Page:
5 Formed in the renal cortex Travels thru the medullary pyramids Basic Pathway of Urine Flow Drips out of the pyramids into the minor calyces Flows thru major calyces Flows thru the renal pelvis Flows thru the ureter Flows thru and is stored in the urinary bladder Flows thru the urethra
8 Glomerular filtration Tubular reabsorption The movement of substances from the blood within the glomerulus into the capsular space Tubular secretion The movement of substances from the tubular fluid back into the blood The movement of substances from the blood into the tubular fluid Peritubular capillaries Efferent arteriole Nephron loop Afferent arteriole PCT DCT Collecting tubule Glomerulus Glomerular capsule Capsular space Ascending limb Descending limb Collecting duct Vasa recta
9 By regulating how much water we reabsorb, we regulate blood volume By regulating what chemicals we reabsorb and what we secrete, we regulate blood [electrolyte] and blood ph
10 Renal Math
11 Nephron - sites of urine formation 1 million per kidney. 5 parts Glomerulus Glomerular Capsule Proximal Convoluted Tubule Loop of Henle Distal Convoluted Tubule Empty into collecting ducts.
13 Glomerular Capsule Parietal layer Simple squamous Contains filtrate. Visceral layer Filters Made of podocytes.
15 Proximal Convoluted Tubule Primary site of R&S Receives filtrate from the GC Very twisty. Simple cuboidal. Lots of microvilli. Lots of mitochondria.
16 Loop of Henle Receives filtrate from the PCT Creates a conc. gradient in the renal medulla which allows for water reabsorption from the collecting duct
17 Distal Convoluted Tubule Receives filtrate from the loop of Henle Site of hormonal adjustment of water & salt secretion/reabsorption. Simple cuboidal Fewer microvilli and mitochondria.
18 Collecting Duct Receives urine from several nephrons Extends through the renal medulla and empties into a minor calyx Simple cuboidal and columnar. Site of hormonal adjustment of water reabsorption.
19 Glomerulus High BP Due to the size differential btwn the afferent and efferent arterioles This high BP is the driving force behind the filtration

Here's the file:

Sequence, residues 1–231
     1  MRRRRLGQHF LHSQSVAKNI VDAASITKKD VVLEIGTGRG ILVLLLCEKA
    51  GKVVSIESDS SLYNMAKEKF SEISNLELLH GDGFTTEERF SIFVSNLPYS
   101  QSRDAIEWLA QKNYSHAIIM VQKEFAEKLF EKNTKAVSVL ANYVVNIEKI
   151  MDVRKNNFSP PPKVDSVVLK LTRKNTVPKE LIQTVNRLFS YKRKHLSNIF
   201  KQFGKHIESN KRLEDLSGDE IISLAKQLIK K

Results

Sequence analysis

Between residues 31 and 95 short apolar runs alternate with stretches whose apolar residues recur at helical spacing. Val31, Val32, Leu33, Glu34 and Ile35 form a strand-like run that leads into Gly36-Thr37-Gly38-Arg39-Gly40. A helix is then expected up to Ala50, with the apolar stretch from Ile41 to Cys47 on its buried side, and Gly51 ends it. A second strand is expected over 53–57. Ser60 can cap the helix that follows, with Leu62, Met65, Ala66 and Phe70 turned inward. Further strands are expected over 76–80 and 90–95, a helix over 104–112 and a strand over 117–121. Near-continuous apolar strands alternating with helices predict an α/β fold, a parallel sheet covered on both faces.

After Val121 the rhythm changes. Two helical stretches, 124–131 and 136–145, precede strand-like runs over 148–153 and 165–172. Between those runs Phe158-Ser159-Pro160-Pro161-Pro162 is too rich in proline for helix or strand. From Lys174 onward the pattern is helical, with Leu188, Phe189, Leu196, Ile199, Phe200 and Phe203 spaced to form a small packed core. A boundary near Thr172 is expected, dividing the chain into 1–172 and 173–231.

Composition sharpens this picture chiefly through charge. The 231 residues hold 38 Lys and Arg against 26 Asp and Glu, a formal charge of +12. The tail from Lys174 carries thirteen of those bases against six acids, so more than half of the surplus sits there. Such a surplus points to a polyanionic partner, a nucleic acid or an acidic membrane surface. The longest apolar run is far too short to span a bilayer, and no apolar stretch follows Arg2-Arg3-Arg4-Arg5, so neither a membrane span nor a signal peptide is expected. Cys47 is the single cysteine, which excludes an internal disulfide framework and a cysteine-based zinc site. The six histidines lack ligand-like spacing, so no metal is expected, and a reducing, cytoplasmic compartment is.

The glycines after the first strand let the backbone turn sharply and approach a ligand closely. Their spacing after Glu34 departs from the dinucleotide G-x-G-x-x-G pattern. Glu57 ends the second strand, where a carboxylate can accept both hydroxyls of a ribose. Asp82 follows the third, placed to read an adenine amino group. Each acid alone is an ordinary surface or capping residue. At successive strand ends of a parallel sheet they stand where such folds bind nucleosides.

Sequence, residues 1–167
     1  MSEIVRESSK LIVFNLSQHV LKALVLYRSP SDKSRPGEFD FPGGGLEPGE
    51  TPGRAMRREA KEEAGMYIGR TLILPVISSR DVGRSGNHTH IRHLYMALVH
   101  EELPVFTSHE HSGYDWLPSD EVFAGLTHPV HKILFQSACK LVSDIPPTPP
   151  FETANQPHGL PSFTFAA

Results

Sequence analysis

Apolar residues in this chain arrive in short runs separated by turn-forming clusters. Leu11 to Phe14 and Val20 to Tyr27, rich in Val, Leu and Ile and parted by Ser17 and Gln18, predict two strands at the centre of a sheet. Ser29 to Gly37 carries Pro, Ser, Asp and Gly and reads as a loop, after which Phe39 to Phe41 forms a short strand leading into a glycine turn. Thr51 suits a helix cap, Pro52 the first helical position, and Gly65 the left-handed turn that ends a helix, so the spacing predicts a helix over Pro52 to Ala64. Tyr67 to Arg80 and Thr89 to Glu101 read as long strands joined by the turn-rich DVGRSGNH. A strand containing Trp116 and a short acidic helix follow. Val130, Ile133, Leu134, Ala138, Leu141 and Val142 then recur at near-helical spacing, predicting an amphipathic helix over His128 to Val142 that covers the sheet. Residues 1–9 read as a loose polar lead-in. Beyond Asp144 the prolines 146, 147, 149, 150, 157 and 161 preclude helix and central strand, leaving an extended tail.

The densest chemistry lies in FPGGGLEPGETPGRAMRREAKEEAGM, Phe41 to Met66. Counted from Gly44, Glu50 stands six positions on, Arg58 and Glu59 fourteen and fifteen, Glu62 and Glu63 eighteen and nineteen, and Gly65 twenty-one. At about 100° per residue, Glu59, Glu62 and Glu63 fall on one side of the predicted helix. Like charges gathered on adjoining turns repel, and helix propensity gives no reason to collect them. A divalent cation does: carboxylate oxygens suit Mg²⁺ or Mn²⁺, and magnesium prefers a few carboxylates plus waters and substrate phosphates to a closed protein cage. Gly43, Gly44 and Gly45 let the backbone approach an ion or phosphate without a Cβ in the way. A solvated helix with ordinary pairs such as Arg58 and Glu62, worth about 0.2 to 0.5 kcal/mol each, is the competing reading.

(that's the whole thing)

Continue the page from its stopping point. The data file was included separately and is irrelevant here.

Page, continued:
20 Peritubular Capillaries Surround renal tubules Receive blood from the efferent arteriole Sites of R&S Low BP and high OP
21 Vasa Recta Receive blood from the efferent arteriole Work with the loops of Henle to facilitate water reabsorption in the collecting duct
22 3 Steps of Urine Formation Afferent arteriole Glomerular capillaries Efferent arteriole Interlobular artery Glomerular capsule Rest of renal tubule containing filtrate Peritubular capillary Three major renal processes: Glomerular filtration Tubular reabsorption Tubular secretion To interlobular vein Urine
23 Filtration Membrane Visceral layer of glomerular capsule Pedicels Capillary lumen Glomerular capillary Filtration membrane Endothelium of fenestrated capillary Basement membrane of capillary Filtration slits of visceral layer Filtration slits Podocyte cell body
24 Filtration Membrane Endothelium (blocks formed elements) Small protein Basement membrane (blocks large proteins) Filtration slits of visceral layer (block small proteins) Leukocyte Large protein Platelet Filtrate includes water, glucose, amino acids, ions, urea, many hormones, vitamins B and C, ketones, and very small amounts of protein Erythrocyte Not filtered Capillary Filtered Capsular space
25 Filtration Pressure Glomerular capsule PCT HPg 60 out Efferent arteriole OPg 32 in Afferent arteriole NFP 10 out HPc 18 in Glomerulus Blood entering glomerulus Capsular space Glomerular hydrostatic pressure (HPg) 60 mm Hg out Blood colloid osmotic pressure (OPg) 32 mm Hg in Capsular hydrostatic pressure (HPc) 18 mm Hg in Net filtration pressure (NFP) = 10 mm Hg out